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Orphan designation

On 15 May 2009, orphan designation (EU/3/09/641) was granted by the European Commission to Atlantic Healthcare Limited, United Kingdom, for alicaforsen for the treatment of pouchitis.

In July 2013, Atlantic Healthcare Limited changed name to Atlantic Healthcare plc.

The sponsorship was transferred to Atlantic Pharmaceuticals (Holdings) Ltd, United Kingdom, in November 2017.

What is pouchitis?

Pouchitis is inflammation of the lining of the ‘ileal pouch’. This is a pouch that has been surgically created from the ileum (part of the small intestine) to store faeces in patients who have had part of their large intestine removed. The large intestine is removed to treat diseases such as ulcerative colitis (inflammation of the large intestine causing ulceration and bleeding) or familial adenomatous polyposis (formation of numerous growths mainly in the large intestine). Pouchitis causes symptoms such as diarrhoea, increased defecation, incontinence (a lack of control over defecation), bleeding, cramps, fever and dehydration.

Pouchitis is a long-term debilitating disease that has a large impact on the quality of life of patients particularly because of incontinence and dehydration.

What is the estimated number of patients affected by the condition?

At the time of designation, pouchitis affected approximately 2.2 in 10,000 people in the European Union (EU). This was equivalent to a total of around 111,000 people*, and is below the ceiling for orphan designation, which is 5 people in 10,000. This is based on the information provided by the sponsor and the knowledge of the Committee for Orphan Medicinal Products (COMP).

*Disclaimer: For the purpose of the designation, the number of patients affected by the condition is estimated and assessed on the basis of data from the European Union (EU 27), Norway, Iceland and Liechtenstein. At the time of designation, this represented a population of 504,800,000 (Eurostat 2009).

What treatments are available?

At the time of designation, pouchitis was mainly treated with antibiotics to kill bacteria that could be causing the inflammation. In cases where the condition was not responding to antibiotics, surgery to remove the pouch was performed.

The sponsor has provided sufficient information to show that alicaforsen might be of significant benefit for patients with pouchitis because it might be more effective than existing treatments. This assumption will need to be confirmed at the time of marketing authorisation, in order to maintain the orphan status.

How is this medicine expected to work?

Alicaforsen is an ‘antisense oligonucleotide’, a very short fragment of DNA. It is designed to attach to the genetic material of cell responsible for producing a protein called ICAM-1, blocking its production. ICAM-1 is found on the surface of leucocytes (white blood cells) and on the inner surface of blood vessels, and is involved in the inflammation process seen in pouchitis. By blocking the production of ICAM-1, alicaforsen is expected to reduce the inflammation and relieve the symptoms of the condition.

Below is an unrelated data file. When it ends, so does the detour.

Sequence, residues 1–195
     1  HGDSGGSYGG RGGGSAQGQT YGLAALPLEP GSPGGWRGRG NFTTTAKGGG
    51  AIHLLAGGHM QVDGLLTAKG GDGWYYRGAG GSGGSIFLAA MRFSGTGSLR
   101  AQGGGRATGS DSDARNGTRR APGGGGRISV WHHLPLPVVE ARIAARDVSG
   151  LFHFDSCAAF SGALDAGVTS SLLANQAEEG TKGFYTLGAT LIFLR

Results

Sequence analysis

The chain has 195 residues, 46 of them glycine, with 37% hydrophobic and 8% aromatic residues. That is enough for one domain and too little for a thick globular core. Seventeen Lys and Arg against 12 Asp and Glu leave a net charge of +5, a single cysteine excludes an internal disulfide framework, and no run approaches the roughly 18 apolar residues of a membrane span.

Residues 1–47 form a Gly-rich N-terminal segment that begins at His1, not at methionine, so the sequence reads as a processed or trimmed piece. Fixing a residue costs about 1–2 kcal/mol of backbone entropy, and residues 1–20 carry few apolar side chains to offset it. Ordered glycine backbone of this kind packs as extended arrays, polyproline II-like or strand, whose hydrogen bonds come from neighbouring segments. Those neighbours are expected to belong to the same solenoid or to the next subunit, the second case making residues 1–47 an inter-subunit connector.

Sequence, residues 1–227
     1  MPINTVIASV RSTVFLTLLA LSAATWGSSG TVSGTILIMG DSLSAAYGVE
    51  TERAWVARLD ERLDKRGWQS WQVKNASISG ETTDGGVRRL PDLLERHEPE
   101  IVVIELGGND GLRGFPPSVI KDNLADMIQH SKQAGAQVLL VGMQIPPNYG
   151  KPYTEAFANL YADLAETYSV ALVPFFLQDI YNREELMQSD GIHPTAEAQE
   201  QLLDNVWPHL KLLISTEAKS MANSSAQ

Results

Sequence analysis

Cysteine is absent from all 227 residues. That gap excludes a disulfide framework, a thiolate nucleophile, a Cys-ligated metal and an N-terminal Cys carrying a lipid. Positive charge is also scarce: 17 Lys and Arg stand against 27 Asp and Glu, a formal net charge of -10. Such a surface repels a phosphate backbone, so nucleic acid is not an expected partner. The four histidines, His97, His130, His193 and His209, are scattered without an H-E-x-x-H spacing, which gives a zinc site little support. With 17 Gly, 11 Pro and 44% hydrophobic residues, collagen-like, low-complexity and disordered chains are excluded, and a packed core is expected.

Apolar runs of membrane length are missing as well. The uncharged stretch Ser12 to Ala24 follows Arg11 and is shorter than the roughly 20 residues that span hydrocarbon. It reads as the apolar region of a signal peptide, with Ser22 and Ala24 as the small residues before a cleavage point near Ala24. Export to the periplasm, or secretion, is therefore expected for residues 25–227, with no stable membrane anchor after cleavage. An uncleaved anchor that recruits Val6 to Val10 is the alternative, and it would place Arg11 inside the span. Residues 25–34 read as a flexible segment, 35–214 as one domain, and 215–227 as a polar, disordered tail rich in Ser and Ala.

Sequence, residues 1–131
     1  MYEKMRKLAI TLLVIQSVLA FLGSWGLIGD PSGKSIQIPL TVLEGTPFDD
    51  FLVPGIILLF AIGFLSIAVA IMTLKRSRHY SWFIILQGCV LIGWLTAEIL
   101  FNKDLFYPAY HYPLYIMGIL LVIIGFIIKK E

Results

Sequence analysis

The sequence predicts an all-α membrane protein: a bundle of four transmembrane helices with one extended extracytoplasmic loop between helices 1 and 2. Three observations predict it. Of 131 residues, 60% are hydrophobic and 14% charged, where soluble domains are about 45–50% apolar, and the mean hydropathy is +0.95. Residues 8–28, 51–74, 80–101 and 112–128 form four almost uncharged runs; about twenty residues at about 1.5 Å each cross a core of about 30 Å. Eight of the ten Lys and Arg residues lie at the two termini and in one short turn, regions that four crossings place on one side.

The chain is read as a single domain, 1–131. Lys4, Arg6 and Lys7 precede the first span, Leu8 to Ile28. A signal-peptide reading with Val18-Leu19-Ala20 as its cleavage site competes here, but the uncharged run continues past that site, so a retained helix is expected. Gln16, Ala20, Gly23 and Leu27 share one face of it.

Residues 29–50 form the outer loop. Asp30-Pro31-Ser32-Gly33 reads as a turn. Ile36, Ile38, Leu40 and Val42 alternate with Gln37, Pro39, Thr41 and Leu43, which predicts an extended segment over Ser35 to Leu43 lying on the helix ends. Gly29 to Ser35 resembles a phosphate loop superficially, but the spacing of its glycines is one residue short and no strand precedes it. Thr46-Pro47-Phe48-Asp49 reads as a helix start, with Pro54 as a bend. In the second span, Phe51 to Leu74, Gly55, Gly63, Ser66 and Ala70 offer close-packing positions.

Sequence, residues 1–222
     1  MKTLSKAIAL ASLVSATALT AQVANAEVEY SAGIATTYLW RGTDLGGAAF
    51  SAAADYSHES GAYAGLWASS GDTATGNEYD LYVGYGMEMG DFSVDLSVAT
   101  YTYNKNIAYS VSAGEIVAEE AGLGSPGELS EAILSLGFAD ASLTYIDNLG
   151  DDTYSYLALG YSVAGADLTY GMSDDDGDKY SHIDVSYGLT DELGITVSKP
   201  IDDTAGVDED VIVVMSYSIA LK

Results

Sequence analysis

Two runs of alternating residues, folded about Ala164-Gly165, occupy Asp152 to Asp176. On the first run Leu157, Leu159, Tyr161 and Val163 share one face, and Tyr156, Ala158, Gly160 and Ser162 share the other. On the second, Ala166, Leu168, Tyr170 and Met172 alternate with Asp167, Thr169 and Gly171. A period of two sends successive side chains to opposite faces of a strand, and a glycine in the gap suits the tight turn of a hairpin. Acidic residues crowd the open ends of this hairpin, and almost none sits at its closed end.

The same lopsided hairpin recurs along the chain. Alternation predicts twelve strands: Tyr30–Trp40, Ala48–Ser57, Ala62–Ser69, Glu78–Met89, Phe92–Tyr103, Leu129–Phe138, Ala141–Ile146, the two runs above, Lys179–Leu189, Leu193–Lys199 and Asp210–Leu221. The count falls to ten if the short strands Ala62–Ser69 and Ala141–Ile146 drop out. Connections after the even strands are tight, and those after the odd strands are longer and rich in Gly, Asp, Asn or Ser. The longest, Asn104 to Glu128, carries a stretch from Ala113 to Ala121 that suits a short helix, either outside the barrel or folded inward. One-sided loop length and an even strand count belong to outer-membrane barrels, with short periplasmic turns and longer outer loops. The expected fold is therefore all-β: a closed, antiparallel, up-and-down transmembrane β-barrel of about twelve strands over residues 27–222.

What is the stage of development of this medicine?

At the time of submission of the application for orphan designation, clinical trials in patients with pouchitis were ongoing.

At the time of submission, alicaforsen was not authorised anywhere in the EU for pouchitis. Orphan designation of alicaforsen had been granted in the United States for pouchitis.

In accordance with Regulation (EC) No 141/2000 of 16 December 1999, the COMP adopted a positive opinion on 2 April 2009 recommending the granting of this designation.

Opinions on orphan medicinal product designations are based on the following three criteria:
  • the seriousness of the condition;
  • the existence of alternative methods of diagnosis, prevention or treatment;
  • either the rarity of the condition (affecting not more than 5 in 10,000 people in the Community) or insufficient returns on investment.

Designated orphan medicinal products are products that are still under investigation and are considered for orphan designation on the basis of potential activity. An orphan designation is not a marketing authorisation. As a consequence, demonstration of quality, safety and efficacy is necessary before a product can be granted a marketing authorisation.

Name Language First published Last updated
EU/3/09/641: Public summary of positive opinion for orphan designation of alicaforsen for the treatment of pouchitis (English only) 2009-06-09 2013-09-19

Key facts

Product details for <p>Alicaforsen</p>
Active substanceAlicaforsen
Medicine Name
Disease/conditionTreatment of pouchitis
Date of decision15/05/2009
Orphan decision numberEU/3/09/641

Review of designation

Sponsor’s contact details

Atlantic House
12 Rose & Crown Walk
Saffron Walden
Essex CB10 1JH
United Kingdom
Tel. +44 (0)1799 513391

Patient associations’ contact points

For contact details of patients’ organisations whose activities are targeted at rare diseases, see:

  • Orphanet, a database containing information on rare diseases, which includes a directory of patients’ organisations registered in Europe;
  • European Organisation for Rare Diseases (EURORDIS), a non-governmental alliance of patient organisations and individuals active in the field of rare diseases.